Although 10 arrests were made in connection with various anti-Islamic protests during last weekend’s , the Dearborn City Council commended Police Chief Ronald Haddad Monday night for how his department handled the situation.
“You guys did a tremendous job keeping a volatile situation from spilling over,” Councilman David Bazzy said to Haddad during Monday’s council meeting.
Friday afternoon when Quran-burning pastor Terry Jones was mobbed and stopped by demonstrators at Michigan Avenue and Schaefer Road. Five of the arrested protesters were not Dearborn residents, and at least three hailed from the Detroit-based By Any Means Necessary organization, Haddad said.
Several more arrests occurred within the Arab International Festival on both Friday and Sunday, as several anti-Muslim Christian groups vocally attacked Islam in and around the free speech zone guarded by Dearborn police and Wayne County sheriffs. The demonstrations drew the ire of hundreds–if not thousands–of festivalgoers, some of whom threw rocks, bottles and insults at the evangelist groups.
Despite the sometimes violent responses–a Sunday scuffle led to the arrest of one of the self-proclaimed “Bible Believers," as well as the man who attacked him–Dearborn officials were generally pleased with the weekend.
“Dearborn residents did a good job,” Bazzy said. “They stayed away and I think that it was a smart thing to do."
"Everyone has an agenda, and the agenda of small groups is notoriety, because with notoriety comes funding," he added. "Without money, people go away.”
The response to both Jones and other radical Christian groups during the weekend stood in stark contrast to when hundreds of anti-Jones protesters–many of them Dearborn residents–lined the street in front of and eventually stormed police barricades protecting the Florida pastor.
While both local response and security for such situations have improved, there are still adjustments to be made, Haddad said. And some of them may come in the form of legal safeguards.
“Every new protest is a new learning experience because they have different tactics,” he said. “But certainly we want to explore legal means to assure public safety to a higher degree because some of those things were unacceptable occurrences.”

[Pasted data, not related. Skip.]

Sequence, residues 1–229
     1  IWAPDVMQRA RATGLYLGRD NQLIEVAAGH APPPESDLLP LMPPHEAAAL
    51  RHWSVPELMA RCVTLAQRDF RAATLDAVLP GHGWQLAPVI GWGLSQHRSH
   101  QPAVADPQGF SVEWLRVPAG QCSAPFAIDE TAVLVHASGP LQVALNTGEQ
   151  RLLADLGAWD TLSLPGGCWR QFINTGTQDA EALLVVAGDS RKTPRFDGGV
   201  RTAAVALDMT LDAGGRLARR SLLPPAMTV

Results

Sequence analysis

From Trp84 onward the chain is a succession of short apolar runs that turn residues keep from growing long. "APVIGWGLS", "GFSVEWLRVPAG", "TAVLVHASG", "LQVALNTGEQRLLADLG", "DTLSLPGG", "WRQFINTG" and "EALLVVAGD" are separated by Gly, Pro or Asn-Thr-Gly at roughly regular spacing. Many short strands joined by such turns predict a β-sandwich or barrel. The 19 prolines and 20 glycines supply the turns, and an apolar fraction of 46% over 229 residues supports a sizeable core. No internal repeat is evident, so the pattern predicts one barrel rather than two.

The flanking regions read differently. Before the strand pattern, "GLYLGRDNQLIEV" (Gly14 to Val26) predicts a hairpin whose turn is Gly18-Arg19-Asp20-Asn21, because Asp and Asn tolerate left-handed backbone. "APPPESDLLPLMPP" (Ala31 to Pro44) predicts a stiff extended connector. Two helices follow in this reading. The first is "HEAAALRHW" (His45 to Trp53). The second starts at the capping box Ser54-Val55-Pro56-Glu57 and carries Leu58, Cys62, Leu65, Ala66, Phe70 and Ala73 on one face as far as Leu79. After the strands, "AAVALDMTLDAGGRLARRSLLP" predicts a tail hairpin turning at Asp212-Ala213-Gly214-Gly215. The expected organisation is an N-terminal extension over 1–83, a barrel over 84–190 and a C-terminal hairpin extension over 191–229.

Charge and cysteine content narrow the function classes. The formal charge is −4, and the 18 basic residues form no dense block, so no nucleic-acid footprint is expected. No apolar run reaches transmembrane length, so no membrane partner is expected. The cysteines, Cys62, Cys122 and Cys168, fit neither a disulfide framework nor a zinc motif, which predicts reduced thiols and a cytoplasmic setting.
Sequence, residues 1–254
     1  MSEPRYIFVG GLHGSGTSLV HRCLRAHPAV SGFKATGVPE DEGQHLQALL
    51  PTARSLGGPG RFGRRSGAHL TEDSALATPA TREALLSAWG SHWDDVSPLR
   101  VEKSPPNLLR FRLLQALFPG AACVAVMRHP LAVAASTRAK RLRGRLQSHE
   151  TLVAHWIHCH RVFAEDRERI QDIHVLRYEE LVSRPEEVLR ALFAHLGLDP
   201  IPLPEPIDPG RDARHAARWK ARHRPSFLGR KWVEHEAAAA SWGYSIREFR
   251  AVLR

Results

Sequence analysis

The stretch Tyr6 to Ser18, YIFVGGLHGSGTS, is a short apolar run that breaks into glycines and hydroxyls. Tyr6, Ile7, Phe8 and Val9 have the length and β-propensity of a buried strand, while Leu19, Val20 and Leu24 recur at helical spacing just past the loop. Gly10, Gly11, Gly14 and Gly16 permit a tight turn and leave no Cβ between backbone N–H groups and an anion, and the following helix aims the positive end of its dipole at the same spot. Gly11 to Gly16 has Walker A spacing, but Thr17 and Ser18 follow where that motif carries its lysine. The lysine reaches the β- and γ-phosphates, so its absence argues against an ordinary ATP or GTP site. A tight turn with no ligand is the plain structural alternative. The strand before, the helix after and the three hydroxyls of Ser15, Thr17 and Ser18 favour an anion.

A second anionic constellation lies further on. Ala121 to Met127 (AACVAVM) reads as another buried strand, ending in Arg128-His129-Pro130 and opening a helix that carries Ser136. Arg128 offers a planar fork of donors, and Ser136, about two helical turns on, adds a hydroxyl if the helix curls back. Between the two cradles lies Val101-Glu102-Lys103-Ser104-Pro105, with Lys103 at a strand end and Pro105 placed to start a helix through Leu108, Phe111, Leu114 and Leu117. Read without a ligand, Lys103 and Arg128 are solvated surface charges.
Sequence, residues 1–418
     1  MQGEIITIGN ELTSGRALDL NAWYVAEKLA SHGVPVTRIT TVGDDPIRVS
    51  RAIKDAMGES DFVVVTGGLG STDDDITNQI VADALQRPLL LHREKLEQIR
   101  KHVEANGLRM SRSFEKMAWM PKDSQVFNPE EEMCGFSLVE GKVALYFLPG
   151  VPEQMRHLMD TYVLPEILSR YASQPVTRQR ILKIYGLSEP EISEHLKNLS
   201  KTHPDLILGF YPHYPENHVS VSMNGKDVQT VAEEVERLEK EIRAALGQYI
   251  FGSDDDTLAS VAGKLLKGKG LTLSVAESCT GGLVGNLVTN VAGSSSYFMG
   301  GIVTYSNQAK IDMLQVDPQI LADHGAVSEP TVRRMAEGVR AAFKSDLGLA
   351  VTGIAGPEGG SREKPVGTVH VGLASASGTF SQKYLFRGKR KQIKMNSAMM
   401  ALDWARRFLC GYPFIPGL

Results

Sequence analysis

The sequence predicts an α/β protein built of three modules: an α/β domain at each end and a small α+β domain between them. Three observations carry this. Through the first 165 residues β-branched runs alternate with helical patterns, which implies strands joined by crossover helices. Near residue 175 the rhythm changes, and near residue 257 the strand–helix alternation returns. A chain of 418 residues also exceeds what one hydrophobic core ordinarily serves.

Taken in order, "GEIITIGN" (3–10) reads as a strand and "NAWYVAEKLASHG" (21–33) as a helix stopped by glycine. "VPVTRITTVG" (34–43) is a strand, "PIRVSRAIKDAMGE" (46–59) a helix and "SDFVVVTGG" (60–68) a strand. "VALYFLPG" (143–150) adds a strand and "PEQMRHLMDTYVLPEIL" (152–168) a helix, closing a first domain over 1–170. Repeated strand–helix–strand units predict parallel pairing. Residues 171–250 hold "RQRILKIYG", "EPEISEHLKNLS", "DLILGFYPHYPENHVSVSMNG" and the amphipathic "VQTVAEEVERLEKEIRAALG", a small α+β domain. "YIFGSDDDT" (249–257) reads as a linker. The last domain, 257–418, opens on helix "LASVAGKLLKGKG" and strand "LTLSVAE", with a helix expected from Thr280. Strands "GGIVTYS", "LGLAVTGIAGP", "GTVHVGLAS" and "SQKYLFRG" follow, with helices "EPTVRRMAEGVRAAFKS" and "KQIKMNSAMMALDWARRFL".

Haddad’s main concern remains the well-being of innocent bystanders at such demonstrations, he said.
“From a public safety point of view, I don’t think we can set ourselves up to allow these kind of eruptions to take place in public places,” Haddad said. “They just pose inherent dangers.”
And not only for people at the scene. The conservative Thomas More Law Center in Ann Arbor filed a civil rights lawsuit against the city of Dearborn in February on behalf of the Acts 17 Apologetics, who protested at the Arab International Festival last year. The suit is still in litigation at the Federal District Court in Detroit.
The situations have largely overshadowed the past two Arab International Festivals, which attract thousands of visitors annually with Arabic food and culture. The success this year shouldn’t be overlooked, Bazzy said.
“We look at the positive things for the festival,” he said. “It was well attended, and I really think that, overall, it turned out very well. Very few problems, very little negative feedback."
Jones and others have reportedly stated that they will return to Dearborn for further protests in the future. But Dearborn residents are –both at the Arab International Festival and elsewhere–that ignoring such demonstrations is the best defense against them, Bazzy said.
“For the people who live in this community and understand it, it’s a tolerant community of a great amount of racial ethnicity as well as religious ethnicity,” Bazzy said. “We’ve been a common melting pot for years. This isn’t anything new. And that’s what we want to be–we want to be a community that welcomes people.”